Our goal with eating for depression and anxiety should be to decrease foods that disrupt our microbiome and our blood sugar balance. Decrease foods that increase inflammation, dysbiosis and neurodegeneration such as processed foods (especially refined carbohydrates), alcohol, and caffeine. You may also want to decrease foods that you may be intolerant to such as wheat, dairy, or even grains. A good rule of thumb is to take these foods out for a few weeks while keeping a food diary. Track what you eat and how you feel physically and emotionally. Add foods back into your diet one at a time and note how you feel with each addition. In terms of controlling SIBO, elimination diets like the GAPS diet (Gut and Psychology Syndrome diet) with the avoidance of starchy vegetables is not backed by science. However, we are seeing that the low FODMAP (Fermentable Oligosaccharides, Disaccharides, Monosaccharides and Polyols) diet approach is beneficial as a short term intervention. For more information on FODMAPs, this is an easy to read explanation from Standford Univeristy (See Here). It may be helpful to work with an Registered Dietitian during any type of elimination diet.
Eating at regular intervals to maintain blood sugar is another important diet adjustment to consider. Studies have shown that blood sugar regulation promotes a feeling of “calm” and decreases the onset of anxiety. Your diet should ideally include, fermented foods and/or probiotic supplement, vegetables, fruit, fatty fish, lean protein, nuts, and seeds. These foods support gut health, decrease inflammation, reduce oxidative stress, and stimulate neurogenesis (growth and adaption of your brain). Some studies show that eating foods high in Omega-3 (salmon, walnuts, and flax seeds), foods high in antioxidants (berries, fruit, and green leafy vegetables), and fermented foods (kombucha, kimchi, and sauerkraut) decrease inflammation in the body and brain, support gut health, and promote brain health. Including foods that support healthy levels of Serotonin might also be beneficial. Serotonin is derived from tryptophan which is an essential amino acid. Essential amino acids, unlike non-essential amino acids, must be obtained from food sources and can not be made in the body. Including foods that are high in tryptophan such as turkey, chicken, eggs and green leafy vegetables may help improve serotonin levels.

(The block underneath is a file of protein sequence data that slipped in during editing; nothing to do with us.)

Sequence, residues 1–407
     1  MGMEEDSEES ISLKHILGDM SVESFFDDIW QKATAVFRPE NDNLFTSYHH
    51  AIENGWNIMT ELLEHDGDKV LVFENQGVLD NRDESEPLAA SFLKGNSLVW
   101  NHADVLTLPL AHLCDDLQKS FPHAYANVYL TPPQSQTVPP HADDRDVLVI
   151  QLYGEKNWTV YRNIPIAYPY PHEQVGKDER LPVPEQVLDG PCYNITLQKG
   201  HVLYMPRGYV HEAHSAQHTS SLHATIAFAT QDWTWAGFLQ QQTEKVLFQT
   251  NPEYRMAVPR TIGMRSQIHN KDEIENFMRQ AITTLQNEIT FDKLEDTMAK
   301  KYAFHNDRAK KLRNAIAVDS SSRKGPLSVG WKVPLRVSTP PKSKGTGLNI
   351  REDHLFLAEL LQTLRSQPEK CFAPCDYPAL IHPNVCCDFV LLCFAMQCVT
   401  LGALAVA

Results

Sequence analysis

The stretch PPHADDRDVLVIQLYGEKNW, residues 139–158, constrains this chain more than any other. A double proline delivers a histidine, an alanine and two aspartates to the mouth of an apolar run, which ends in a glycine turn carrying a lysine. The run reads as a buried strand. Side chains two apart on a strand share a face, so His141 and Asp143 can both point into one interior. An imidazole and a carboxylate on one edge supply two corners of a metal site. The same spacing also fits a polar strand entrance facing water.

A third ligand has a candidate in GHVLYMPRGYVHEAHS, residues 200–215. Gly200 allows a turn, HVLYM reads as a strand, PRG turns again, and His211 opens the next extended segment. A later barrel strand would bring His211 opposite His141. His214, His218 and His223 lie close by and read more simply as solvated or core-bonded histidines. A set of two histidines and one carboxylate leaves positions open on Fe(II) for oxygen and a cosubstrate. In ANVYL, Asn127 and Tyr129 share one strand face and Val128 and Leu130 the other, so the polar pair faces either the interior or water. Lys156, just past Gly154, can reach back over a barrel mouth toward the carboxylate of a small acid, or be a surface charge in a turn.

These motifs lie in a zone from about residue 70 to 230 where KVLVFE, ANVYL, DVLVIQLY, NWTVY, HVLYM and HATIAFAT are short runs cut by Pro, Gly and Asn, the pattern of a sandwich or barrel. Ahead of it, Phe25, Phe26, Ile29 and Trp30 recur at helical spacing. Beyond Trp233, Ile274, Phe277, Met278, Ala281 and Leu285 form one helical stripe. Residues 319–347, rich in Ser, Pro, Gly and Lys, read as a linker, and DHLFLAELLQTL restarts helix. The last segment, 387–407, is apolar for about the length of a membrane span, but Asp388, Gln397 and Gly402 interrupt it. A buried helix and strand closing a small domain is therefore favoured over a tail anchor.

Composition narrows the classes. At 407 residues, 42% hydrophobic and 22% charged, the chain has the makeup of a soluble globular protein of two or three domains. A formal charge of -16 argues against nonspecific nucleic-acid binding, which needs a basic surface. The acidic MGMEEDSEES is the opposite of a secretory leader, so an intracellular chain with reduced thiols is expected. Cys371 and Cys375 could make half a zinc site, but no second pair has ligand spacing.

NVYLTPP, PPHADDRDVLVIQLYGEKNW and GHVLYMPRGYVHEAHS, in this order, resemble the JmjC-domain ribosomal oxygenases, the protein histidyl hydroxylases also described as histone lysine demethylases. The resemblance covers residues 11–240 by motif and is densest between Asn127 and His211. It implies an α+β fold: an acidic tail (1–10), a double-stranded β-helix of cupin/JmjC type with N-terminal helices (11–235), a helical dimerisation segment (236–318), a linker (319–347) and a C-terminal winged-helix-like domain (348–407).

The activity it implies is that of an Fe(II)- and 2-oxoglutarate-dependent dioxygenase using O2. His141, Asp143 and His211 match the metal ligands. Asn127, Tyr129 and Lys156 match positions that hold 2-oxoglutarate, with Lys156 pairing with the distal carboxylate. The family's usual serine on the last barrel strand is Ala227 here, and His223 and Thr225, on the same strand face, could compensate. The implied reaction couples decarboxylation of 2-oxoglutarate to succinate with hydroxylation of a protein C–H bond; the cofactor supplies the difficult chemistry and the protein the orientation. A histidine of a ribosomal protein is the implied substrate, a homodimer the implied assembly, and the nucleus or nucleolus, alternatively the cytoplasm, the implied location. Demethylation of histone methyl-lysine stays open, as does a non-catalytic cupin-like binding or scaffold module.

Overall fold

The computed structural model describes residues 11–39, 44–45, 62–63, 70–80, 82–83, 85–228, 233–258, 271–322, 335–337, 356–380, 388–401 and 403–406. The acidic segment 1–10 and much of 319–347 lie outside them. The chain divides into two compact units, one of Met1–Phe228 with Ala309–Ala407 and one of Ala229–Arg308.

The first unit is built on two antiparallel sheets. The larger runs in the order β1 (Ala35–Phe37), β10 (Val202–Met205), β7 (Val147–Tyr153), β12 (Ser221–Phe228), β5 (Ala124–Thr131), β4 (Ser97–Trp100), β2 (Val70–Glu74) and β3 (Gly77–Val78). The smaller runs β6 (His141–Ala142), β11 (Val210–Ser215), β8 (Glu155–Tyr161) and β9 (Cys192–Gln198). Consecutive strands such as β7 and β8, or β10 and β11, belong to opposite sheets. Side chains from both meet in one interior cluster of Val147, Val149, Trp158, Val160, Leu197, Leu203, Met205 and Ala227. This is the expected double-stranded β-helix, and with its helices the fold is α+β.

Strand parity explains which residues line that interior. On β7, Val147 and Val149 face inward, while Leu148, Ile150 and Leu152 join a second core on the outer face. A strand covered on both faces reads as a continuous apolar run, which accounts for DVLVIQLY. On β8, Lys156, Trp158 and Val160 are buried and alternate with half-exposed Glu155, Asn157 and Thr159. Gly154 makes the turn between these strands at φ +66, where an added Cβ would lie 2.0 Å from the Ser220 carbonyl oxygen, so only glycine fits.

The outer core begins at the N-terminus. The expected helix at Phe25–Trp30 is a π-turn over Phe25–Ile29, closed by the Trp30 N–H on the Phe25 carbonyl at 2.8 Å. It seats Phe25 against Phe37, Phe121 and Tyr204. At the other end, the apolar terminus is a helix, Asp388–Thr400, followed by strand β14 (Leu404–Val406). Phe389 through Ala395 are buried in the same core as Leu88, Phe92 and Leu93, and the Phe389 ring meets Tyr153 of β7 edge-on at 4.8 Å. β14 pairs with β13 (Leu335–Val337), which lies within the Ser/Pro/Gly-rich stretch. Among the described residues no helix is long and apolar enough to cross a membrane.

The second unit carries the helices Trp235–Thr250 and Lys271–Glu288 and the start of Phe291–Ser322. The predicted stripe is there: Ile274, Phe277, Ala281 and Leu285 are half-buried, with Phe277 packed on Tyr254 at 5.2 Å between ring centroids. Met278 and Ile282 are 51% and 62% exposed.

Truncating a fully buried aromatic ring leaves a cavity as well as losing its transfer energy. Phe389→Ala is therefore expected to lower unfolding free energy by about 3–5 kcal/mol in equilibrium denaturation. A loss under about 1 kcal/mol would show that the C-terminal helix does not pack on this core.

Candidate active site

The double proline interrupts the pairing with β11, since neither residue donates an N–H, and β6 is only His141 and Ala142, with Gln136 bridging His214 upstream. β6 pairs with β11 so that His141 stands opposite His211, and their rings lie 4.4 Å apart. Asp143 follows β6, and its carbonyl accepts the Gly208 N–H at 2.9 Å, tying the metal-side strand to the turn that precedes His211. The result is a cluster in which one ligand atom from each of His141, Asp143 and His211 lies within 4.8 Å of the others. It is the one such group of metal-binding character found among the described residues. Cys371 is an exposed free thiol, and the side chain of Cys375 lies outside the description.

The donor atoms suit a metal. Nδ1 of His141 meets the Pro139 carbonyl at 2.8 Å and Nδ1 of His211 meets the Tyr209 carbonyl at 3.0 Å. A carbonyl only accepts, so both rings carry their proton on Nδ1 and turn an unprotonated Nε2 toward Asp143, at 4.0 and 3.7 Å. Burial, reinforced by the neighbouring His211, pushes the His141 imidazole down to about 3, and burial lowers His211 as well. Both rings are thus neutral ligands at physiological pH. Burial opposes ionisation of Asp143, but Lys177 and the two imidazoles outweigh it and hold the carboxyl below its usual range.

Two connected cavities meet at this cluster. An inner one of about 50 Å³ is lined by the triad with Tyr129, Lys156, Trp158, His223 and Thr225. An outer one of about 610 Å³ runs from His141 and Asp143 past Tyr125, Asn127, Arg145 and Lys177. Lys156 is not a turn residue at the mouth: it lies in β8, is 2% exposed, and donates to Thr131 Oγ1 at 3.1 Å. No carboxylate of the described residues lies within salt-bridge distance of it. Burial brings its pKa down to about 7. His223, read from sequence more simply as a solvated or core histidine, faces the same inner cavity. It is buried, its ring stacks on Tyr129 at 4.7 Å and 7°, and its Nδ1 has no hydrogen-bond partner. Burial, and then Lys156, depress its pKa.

Eating a healthful diet will not necessarily provide 100% alleviation of mood disorders in the same way it will not 100% prevent the onset of cancer. However, as you can see, the diet has an extremely impactful role in the development and continuation of depression and anxiety. It is important to understand that having a piece of cake once in awhile is not going to negatively impact your body or your mind. It is what you eat day in and day out that is going to have the largest influence. Moreover, you certainly do not need to make all of these changes at once. Slowly make changes over time, focus on foods that nurture your body, practice stress management techniques and work with a mental health professional. As always, if you need assistance putting these concepts into practice, I am more than happy to support you.